SAN JOSE, Calif. (KRON) — For a woman who dreamed of becoming the next Steve Jobs, it can’t be easy for Elizabeth Holmes’ psyche as she sits in silence through a 3-month fraud trial.
The prosecution has a list of over 200 witnesses who could be hauled into the courtroom. Nine witnesses have testified so far, laying out all the ways Holmes was a failure as an entrepreneur, healthcare innovator, and boss.
“Failure is not a crime. Trying your hardest and coming up short is not a crime,” defense attorney Lance Wade told the jury.
Prosecutors say Holmes wasn’t merely a failure — she was a fraud.
Holmes, 37, pleaded not guilty to 10 counts of wire fraud and two counts of conspiracy. Prosecutors said she defrauded patients, doctors, and investors in her quest to become rich and famous.
Holmes has maintained complete courtroom composure. She sits with perfect posture, never resting her back against her chair. Reporters have kept a sharp eye out for any emotional reaction from Holmes, but she’s always stone-faced.
Legal analysts say Holmes could break her silence during the trial by getting on the witness stand and testifying in self-defense.
“It would be the biggest gamble of her life,” legal analyst and prosecutor Michele Hagan told KRON4.
Holmes had a talent for charming powerful investors and politicians. Can she charm the jury?
Holmes was an ambitious Stanford University student with a vision of revolutionizing healthcare. She was so confident that she dropped out of Stanford University and founded a biotech company, Theranos, at age 19.
In 2014, Holmes was on top of the world. She achieved fame and adoration after claiming she had invented technology that could deliver faster and cheaper blood test results
from a single drop of blood.
Magazines including Fortune and Forbes made Holmes a cover girl. For her Forbes cover shot, Holmes wore a black turtleneck, mirroring the look of Steve Jobs.
She wooed sophisticated and powerful investors to roll the dice on Theranos, and before long, she was America’s youngest self-made billionaire.
Medical professionals in the diagnostics field slowly began questioning if Theranos’ technology really could do what Holmes claimed. Doctors noticed that their longtime patients’ blood test results from Theranos were way off. Holmes held her cards close to her vest, saying she saw no reason to give away “trade secrets” to competitors.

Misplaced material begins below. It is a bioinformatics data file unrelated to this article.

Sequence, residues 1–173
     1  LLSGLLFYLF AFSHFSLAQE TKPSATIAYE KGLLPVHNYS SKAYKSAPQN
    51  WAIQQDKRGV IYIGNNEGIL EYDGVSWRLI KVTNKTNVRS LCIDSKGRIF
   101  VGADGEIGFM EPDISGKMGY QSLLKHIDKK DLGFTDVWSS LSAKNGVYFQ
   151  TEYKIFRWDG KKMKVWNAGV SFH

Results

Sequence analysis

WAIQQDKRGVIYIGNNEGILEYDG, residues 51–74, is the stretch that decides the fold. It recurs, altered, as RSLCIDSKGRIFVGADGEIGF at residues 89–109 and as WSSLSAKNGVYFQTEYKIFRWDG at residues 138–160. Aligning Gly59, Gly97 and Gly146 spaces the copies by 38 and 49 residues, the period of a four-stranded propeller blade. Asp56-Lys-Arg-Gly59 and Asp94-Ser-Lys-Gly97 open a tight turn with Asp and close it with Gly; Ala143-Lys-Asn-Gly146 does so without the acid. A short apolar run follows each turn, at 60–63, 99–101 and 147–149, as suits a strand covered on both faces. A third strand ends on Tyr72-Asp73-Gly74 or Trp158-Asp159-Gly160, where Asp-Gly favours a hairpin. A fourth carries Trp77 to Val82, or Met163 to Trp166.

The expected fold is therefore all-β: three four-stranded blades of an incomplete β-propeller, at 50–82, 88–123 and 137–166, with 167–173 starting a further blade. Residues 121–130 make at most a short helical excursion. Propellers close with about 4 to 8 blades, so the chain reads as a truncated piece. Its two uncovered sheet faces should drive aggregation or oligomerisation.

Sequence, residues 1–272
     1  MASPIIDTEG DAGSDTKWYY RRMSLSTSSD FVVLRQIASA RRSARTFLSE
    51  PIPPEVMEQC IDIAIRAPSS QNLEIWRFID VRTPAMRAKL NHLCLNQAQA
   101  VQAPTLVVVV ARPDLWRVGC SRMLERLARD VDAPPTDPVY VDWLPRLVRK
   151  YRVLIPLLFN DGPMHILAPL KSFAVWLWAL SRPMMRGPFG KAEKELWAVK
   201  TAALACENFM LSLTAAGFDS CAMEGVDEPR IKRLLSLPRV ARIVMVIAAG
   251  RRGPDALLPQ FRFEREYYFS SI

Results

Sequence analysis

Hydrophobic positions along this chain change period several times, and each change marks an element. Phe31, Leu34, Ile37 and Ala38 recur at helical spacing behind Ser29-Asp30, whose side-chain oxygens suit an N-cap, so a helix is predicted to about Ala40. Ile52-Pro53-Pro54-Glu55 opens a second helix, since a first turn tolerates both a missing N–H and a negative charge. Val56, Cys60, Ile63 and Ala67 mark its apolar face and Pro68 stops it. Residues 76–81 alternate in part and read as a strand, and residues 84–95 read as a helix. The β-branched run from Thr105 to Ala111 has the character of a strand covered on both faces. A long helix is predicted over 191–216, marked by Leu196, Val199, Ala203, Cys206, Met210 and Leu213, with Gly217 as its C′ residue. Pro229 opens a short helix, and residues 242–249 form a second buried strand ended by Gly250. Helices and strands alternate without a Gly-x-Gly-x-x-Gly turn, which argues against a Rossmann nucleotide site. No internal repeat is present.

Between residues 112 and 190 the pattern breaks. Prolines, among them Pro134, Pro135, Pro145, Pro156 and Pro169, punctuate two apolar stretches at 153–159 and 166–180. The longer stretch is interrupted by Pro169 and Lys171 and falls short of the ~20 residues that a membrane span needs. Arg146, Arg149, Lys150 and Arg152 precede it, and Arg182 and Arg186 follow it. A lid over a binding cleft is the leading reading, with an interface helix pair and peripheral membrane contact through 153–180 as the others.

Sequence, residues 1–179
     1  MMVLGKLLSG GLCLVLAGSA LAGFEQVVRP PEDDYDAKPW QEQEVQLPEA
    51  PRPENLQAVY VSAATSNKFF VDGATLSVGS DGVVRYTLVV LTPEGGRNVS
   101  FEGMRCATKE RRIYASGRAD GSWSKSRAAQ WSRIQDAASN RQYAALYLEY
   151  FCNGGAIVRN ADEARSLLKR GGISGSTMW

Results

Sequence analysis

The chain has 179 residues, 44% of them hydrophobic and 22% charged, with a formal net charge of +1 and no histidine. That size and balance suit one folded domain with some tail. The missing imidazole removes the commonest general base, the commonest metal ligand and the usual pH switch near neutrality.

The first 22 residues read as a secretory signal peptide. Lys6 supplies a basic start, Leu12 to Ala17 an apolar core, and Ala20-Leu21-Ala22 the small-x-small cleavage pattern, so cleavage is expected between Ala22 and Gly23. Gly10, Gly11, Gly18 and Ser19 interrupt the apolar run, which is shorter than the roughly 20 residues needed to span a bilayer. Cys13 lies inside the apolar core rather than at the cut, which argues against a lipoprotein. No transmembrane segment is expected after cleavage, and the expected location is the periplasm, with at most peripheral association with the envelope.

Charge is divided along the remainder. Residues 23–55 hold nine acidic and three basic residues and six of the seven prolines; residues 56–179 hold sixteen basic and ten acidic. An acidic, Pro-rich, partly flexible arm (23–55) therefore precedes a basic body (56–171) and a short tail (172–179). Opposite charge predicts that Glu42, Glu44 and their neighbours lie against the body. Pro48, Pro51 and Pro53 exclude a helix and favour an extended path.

“Whenever she was asked at science conferences or panels, she always responded, ‘it’s trade secrets, I can’t discuss it,” Hagan said.
Theranos employees who worked in the blood lab were not allowed to talk to their co-workers in the research and development lab, lab tech Erika Cheung testified.
Theranos lab director Adam Rosendorff testified that he joined Holmes’ team for the “excitement around Silicon Valley,” “I wanted to make a global impact on healthcare,” and he thought Theranos would become the next Apple.
Rosendorff said he quickly discovered that Theranos cared more about its public image, raising money, and keeping secrets than helping patients.
Rosendorff testified that he began forwarding emails in 2014 to his private email account — violating company policy — in case the lab ever came under fire from investigators.
“I wanted to protect myself … in the event of an investigation,” Rosendorff testified.
In court Thursday, defense attorney Lance Wade held up Steve Jobs biography book to talk about how Jobs operated as CEO of Apple.
“Mr. Jobs spent a lot of time on marketing and advertising,” Wade said while cross-examining Rosendorff.
Jobs upheld “intense secrecy” around new products as they were being developed, Wade said.
By 2015, Silicon Valley’s golden girl saw her dreams turn into a nightmare.
An investigative series by the Wall Street Journal blew the cover off Holmes’ glittering image. Theranos’ secretive blood lab was investigated, its technology was exposed as dysfunctional, and Theranos was shuttered in 2018. Holmes walked away with nothing, according to her defense attorney.
In court, her defense team is trying to distance Holmes as much as possible from the company she founded.
Holmes’ trial was scheduled to last through December, but as Judge Edward Davila noted in court Thursday, “There is no time limit in a criminal case. There’s no game clock.”
Holmes, who recently gave birth to her first baby, is facing up to 20 years in prison if convicted.
The judge’s “game clock” comments were spurred by the prosecution complaining that the defense’s cross-examination of Rosendorff was exceedingly long.
Wade said the defense’s cross-examination has been lengthy because Rosendorff tap dances around questions. Rosendorff has been the trial’s most prickly witness. The defense is trying to shift blame from Holmes to Rosendorff, saying he was the person legally responsible for failures in Theranos’ blood lab.
Rosendorff has been on the stand for three days. He’s slated to still be on the stand Friday and next Tuesday.
Once the Rosendorff saga ends, Hagan said prosecutors may call on journalists to testify next. John Carreyrou, the author of “Bad Blood,” is on the witness list.
Carreyrou has recently revealed a few secrets of his own that he’s held since his explosive investigation into Theranos was published in the Wall Street Journal in 2015.
He tweeted earlier this week, “So, I’ve been fielding queries from reporters asking me to confirm that former Theranos lab director Adam Rosendorff, who is currently testifying at Elizabeth Holmes’s trial, was my source. I can now confirm it. Alan Beam = Adam Rosendorff. Adam was my first and most important source. Without him, I wouldn’t have been able to break the Theranos story. Hats off to his courage and integrity. He’s one of the real heroes of this story.”
Another formerly confidential source for Carreyrou, whistleblower Tyler Shultz, is also expected to testify in the weeks ahead.